All that official period leave will do is ensure these women can tell their employers the truth.But I am dubious that the justification being offered is either the real reason the policy is being pushed or that the consequences will be any different than the skeptics expect.
As Coexist point out, it's optional - so women who don't suffer period pain can avoid it altogether, and those who do need the flexibility can work more productively.
Fears that women will take advantage of period leave and spend too much time at home are unfounded– both male and female employees already have the potential to do just that, with regular sick days. Indeed, there’s really no difference between existing sick leave and the new policy.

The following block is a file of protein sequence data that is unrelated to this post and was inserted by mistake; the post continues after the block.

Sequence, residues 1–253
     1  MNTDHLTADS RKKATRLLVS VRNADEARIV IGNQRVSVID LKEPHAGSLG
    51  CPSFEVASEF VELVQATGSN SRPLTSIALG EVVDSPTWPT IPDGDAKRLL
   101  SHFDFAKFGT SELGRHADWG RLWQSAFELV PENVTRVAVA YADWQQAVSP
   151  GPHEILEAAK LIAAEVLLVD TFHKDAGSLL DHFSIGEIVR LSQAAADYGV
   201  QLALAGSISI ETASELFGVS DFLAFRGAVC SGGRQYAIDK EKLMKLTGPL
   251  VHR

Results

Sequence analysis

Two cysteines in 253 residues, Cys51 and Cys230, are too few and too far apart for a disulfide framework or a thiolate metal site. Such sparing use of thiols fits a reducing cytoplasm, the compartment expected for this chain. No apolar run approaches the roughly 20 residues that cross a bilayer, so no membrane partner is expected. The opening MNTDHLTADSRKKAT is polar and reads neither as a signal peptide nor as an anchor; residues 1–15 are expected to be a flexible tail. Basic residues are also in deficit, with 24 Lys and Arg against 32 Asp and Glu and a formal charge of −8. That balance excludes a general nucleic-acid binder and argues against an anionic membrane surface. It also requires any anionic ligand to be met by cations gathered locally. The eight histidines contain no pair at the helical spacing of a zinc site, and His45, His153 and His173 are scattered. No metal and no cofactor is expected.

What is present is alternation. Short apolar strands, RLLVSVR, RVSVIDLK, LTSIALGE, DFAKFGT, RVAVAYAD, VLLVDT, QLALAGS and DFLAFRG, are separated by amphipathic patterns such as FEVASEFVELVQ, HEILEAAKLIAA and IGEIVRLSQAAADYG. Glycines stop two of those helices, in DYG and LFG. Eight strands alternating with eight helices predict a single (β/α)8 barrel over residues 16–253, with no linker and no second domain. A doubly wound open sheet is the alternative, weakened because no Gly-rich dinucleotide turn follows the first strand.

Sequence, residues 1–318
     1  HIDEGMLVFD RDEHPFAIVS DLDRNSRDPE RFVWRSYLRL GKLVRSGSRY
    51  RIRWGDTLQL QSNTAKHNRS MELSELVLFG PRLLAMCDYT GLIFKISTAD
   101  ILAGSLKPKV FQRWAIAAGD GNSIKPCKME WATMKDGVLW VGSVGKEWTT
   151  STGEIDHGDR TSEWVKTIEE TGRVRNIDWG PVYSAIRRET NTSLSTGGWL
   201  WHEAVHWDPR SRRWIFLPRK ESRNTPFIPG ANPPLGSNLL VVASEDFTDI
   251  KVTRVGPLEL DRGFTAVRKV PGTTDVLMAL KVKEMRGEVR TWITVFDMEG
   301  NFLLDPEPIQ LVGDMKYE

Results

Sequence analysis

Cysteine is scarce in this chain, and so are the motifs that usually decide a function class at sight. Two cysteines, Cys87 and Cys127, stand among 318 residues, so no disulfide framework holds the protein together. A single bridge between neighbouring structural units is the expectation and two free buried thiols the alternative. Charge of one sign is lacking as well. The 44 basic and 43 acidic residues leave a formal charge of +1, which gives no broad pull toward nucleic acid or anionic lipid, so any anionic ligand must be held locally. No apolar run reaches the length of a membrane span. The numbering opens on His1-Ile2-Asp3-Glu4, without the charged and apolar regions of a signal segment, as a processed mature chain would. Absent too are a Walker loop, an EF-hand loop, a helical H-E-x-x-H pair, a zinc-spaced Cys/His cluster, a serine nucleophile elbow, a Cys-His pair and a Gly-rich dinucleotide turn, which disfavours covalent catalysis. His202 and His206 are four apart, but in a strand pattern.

Period leave is already a legal right in some parts of China, Indonesia, South Korea, Taiwan and Japan, which first introduced it in 1947. Nike includes this type of leave in their code of conduct worldwide, making it the only major company to do so.
Let's face it, once "on her period" is recognized as being a legitimate reason not to be at work, it's not going to be long before the argument will be presented that a woman shouldn't be penalized for not working when her absence "is not her fault". After all, that's what happened with maternal leave.